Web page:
clock menu more-arrow no yes

Filed under:

Fallout From Mayweather-McGregor, the Fight of the Century

The showdown between Floyd Mayweather and Conor McGregor actually paid off. And now it’s over, thank god.

Getty Images/Ringer illustration

Heading into Saturday night’s boxing bout between Conor McGregor and Floyd Mayweather, there were precious few outcomes that could satisfy the diverse interests of its many viewers. If McGregor had gone into the ring and smoked Mayweather with a left hand in the first or second round (as he predicted), the most skeptical would have screamed “fix.” If Mayweather had ended it early (as many believed he should), it would have stood as the sideshow sham it purported not to be. And had it gone to the scorecards, with Mayweather prevailing (as he always does), the rotary-dial league of Old Boxing People would have wagged an accusatory finger at those involved and lamented the death of boxing.

Turns out none of that happened. Instead the nearly 5-to-1 underdog McGregor — who showed up with both his UFC titles, like the messiah sent from the MMA world come to punch at the celestial elders — more than held his own. He took an early lead in the opening rounds and resisted the tables as they turned through the middle. He lasted into the 10th round with one of boxing’s historic best before a series of unanswered shots to the chin made it clear that he’d had enough. Referee Robert Byrd — who patiently cautioned McGregor to watch the rabbit punching throughout — put a satisfying end to the most engrossing Mayweather fight in years.

McGregor never hit the deck. He was still standing when the end came. In a ballyhooed fight with so much derision and pomp and general otherness, everybody came away a winner. Especially Mayweather, who raised his record to a perfect 50-0, surpassing the great Rocky Marciano (49-0).

On Saturday night we didn’t get the defensive Mayweather, the one who played it drastically safe against Manny Pacquiao and drew a dial tone response from all those who waited years to see that fight. This was a 40-year-old Mayweather who showed some genuinely interesting in-ring smarts, let McGregor siphon his own gas tank early, and then jumped in the pocket later on with intent to do harm. There were heady sequences and passionate combinations from Mayweather that we haven’t seen in a long time. Mayweather turned it on just as he sensed McGregor’s cardio was fading. There were flashes of the flickering speed he used to show and timely reminders of the deadly precision. McGregor ate his share of shots, and he doled out 111 of his own — which far surpassed the amount that Pacquiao landed on Mayweather over 12 full rounds (81).

Who saw that coming? There were pundits who wondered aloud if McGregor could land a single punch in the fight. McGregor far exceeded the expectations of boxing’s finest dupe-repellent worrywarts.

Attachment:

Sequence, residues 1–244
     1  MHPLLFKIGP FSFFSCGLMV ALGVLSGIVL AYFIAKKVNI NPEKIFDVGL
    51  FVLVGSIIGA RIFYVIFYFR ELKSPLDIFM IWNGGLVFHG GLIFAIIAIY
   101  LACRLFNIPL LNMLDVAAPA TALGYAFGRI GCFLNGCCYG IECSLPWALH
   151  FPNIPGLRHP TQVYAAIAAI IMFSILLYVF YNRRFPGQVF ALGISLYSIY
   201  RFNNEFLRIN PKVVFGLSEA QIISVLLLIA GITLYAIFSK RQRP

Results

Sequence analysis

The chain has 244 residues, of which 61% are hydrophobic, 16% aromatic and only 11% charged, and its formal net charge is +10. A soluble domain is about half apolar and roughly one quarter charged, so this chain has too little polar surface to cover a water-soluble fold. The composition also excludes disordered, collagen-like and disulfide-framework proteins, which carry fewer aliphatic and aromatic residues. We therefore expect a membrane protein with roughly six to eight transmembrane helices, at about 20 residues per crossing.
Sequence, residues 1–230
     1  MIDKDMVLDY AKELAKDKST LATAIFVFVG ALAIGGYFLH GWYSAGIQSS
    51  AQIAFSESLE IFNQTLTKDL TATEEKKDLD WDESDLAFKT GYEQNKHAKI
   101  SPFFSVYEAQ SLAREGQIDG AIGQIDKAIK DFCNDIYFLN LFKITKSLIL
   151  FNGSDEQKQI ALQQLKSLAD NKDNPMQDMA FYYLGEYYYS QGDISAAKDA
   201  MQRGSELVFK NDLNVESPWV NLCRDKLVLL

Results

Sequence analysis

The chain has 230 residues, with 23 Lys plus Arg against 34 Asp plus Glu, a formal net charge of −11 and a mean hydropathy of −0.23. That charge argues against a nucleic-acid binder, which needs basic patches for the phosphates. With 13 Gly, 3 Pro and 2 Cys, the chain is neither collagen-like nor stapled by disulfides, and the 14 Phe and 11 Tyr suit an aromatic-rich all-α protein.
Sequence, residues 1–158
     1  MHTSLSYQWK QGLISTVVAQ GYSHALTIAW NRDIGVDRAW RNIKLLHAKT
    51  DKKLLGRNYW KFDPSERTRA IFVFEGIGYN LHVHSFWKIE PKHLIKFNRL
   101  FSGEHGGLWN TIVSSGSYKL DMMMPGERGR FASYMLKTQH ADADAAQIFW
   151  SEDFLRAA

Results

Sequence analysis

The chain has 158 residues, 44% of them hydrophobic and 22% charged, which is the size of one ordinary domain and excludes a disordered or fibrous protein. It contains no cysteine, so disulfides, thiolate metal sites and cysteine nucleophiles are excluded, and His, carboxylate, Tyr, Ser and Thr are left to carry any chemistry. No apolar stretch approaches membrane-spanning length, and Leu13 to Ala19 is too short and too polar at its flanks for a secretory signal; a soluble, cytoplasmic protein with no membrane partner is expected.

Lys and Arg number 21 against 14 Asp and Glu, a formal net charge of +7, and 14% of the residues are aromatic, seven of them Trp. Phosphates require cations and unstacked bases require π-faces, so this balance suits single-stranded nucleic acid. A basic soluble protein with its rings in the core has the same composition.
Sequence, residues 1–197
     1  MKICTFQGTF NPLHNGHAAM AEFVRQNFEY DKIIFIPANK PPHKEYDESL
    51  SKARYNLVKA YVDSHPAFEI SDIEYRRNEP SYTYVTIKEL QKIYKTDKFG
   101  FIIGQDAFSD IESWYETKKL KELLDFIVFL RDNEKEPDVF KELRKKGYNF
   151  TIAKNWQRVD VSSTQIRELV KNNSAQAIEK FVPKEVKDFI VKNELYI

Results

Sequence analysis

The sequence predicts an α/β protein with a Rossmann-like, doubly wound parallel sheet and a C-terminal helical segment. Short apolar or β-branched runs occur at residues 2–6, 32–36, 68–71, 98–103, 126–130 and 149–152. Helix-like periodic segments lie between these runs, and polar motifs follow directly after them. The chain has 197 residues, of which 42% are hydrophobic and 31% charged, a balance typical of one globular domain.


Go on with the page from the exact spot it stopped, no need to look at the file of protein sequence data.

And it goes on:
Of course, the subtext in all of this was Mayweather’s complicity in those numbers. He was willing to engage, rather that just parry and counter. That’s what made the fight fun from the other side; old Floyd wanted to go out with a bang. He left his chin open for business (of course, not on the level of McGregor, whose hands were often settled down around his waist even before he got tired) more than he has in years, yet he masterfully dragged McGregor into deeper and deeper water. By the sixth round, the momentum was clearly on his side. By the eighth — a round that some thought McGregor stole, but not the ringside judges — Mayweather was surgical. He had snap on his punches, while McGregor’s body was drooping from the cruel and incessant nature of a 36-minute marathon. He had McGregor fighting for dear life in the ninth round, and put him away in the 10th. There was nothing shameful in taking his time because, in the end, he got it done. It was Mayweather’s first noncontroversial TKO since the Ricky Hatton fight a decade ago.

Really, when you consider the range of expectations in a divisive, circus-like event between a UFC star with no prior boxing experience and a twilight idol taking a bow after 21 years and 50 victories, it was as close to an “everybody wins” outcome as anyone could have hoped. Neither fighter shrank in the moment, even with millions watching different fights from totally different perspectives, expecting wildly different things. Instead the fight had something for everyone. It ended up being the one thing most people didn’t expect: a pretty decent boxing match.

Mayweather had clearly lost a step after two years away, but he still showcased his unparalleled fighter IQ. McGregor showed he wouldn’t make a farce of the boxing ring; that, in fact, he was very comfortable in there. He didn’t throw a kick, or do anything — hammer fists aside — that might get him disqualified. He’ll return to the UFC a bigger star than he already was. For all the gloss and fretting, the integrity of boxing somehow remained intact. It survived the circus and the threatening air of mockery.

The fight wasn’t the scam many feared, and if there was a feeling of anything beyond that in the end it was this: Thank god that’s over.